As a curatorial assistant at MoMA, one of the most fun aspects of my job is researching and facilitating new acquisitions for the Museum’s collection. In the Architecture and Design department, we collect a range of materials, from architectural models to video game interfaces. And then there’s the time we acquired a 1957 Fender Stratocaster, the quintessential electric guitar and an important example of 20th-century musical instrument design. The Stratocaster and a 1959 Fender Bassman amplifier were brought into the collection in October 2014, and both are currently on display as cornerstones of the exhibition Making Music Modern: Design for Ear and Eye.
The Stratocaster was an icon of design long before it became part of MoMAs collection. Say “electric guitar” and pretty much anyone will think of the Strat’s asymmetrical, horned silhouette. It was designed by Leo Fender, a self-taught tinkerer who built amplified lap-steel guitars out of his Southern California workshop in the 1930s and 1940s, during the early days of the electric guitar. Bolstered by the success of his 1950 Telecaster, the first commercially popular solid-body electric guitar, Fender, along with Freddie Tavares and George Fullerton, debuted the Stratocaster in 1954.
This new design included a “comfort contoured” body with ergonomically sculpted surfaces (to accommodate strumming arms on the instrument’s face and bulging bellies at its rear), performance-friendly design features like recessed cable jacks and deep double cutaways granting higher fretboard access, and technical innovations such as a three-way pickup switch and a built-in tremolo arm (colloquially known as a “whammy bar”) for a versatile sound.
The end result was a guitar that self-consciously diverged from its acoustic predecessors in form and function, a new type of popular instrument designed for a new era of modern, electrified music. The Stratocaster was originally marketed to country and western musicians, but by the 1960s guitarists like Dick Dale, Eric Clapton, Bob Dylan (who famously “went electric” on a Strat at the Newport Folk Festival in 1965), and Jimi Hendrix (who set his alight onstage at the Monterey Pop Festival two years later), had become loyal devotees of its performance and design, firmly establishing the Stratocaster as the unofficial guitar of rock and roll.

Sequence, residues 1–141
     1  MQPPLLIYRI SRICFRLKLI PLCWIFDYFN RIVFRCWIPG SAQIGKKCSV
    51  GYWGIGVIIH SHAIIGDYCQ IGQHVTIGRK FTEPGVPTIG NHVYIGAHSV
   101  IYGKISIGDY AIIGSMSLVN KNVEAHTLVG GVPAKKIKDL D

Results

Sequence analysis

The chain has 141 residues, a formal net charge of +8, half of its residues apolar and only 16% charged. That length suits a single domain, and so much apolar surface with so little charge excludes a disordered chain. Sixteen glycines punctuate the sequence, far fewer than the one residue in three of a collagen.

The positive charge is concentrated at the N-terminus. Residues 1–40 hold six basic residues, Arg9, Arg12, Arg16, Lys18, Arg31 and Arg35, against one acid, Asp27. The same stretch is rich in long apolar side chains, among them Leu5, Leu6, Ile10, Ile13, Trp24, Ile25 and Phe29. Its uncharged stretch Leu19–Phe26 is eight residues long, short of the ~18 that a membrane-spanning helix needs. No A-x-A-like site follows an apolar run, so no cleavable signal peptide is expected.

MoMA already has a number of innovative instruments in its design collection, among them Alan Gittler’s reductive, almost skeletal Electric Guitar of 1975, and the Amazing Electric Violin designed in 1989 by David Bush, Brian Lepine, and Michael Zimmerman.
We knew the Stratocaster belonged in the design collection too—it was just a matter of identifying the right one. We sought a vintage model from the golden era of Fender production (before Leo sold the company in 1965), one that captured the instrument at the most optimal and influential state of its design. While the wear patterns that develop over years of use create a desirable patina for some guitar collectors (Fender’s Relic collection features meticulously hand-aged yet brand-new guitars that are almost impossible to distinguish from the real thing), our guitar was destined for museum display, and thus needed to be in excellent cosmetic condition.
The modular electronics and bolt-on construction of the Stratocaster made it ripe for custom modification by musicians, and so finding an instrument with original components intact also posed a challenge. We spoke to guitar dealers from New York to Nashville, and scoured inventory around the globe. We looked at older Strats, newer Strats, Candy Apple Red Strats and Lake Placid Blue Strats. It seemed like every guitar expert, dealer or musician we spoke with along the way couldn’t help but effuse about this storied guitar and its undeniable musical and cultural impact.
Eventually, our dream guitar materialized: an all-original 1957 Stratocaster in standard two-tone sunburst, complete with original tweed case. Miraculously, the instrument was in near-perfect condition after 58 years—a true closet classic that had remained with its sole owner until his death. 1957 was a significant year for the Stratocaster and for rock and roll: Buddy Holly appeared on the Ed Sullivan Show performing “That’ll Be The Day” and “Peggy Sue” with his ’57 Strat, canonizing this rollicking new genre on live television, and introducing its flagship instrument to a national audience. The Stratocaster, especially when paired with its logical contemporary, the classic Bassman amp, exemplifies the aesthetics and technology at the cutting edge of rock and roll in its heyday, but it remains a timeless design icon and cultural touchstone even today.
Importantly, this guitar also rocked its play test, producing a characteristically bright and “spanky” sound—this aspect was crucial, as it was being acquired not as a static object but also a playable instrument. If you happen to be visiting the Museum and hear a snarling riff or a distorted, divebomb chord emanating from the third-floor Architecture and Design Galleries, be sure to check it out—we’re letting the Strat speak for itself about why it’s a design object that helped make music modern. Watch clips from some of these in-gallery Stratocaster Sessions below:
Brian Derdiarian, from the MoMA Bookstore, takes a turn at the Strat in the gallery
Special guest Al Houghton of Dubway Studios plays a range of styles to highlight the Stratocaster’s versatility
Pierre Vaz, Film Expiditer in MoMA’s Department of Film, demonstrates the guitar and extols the design virtues of the Stratocaster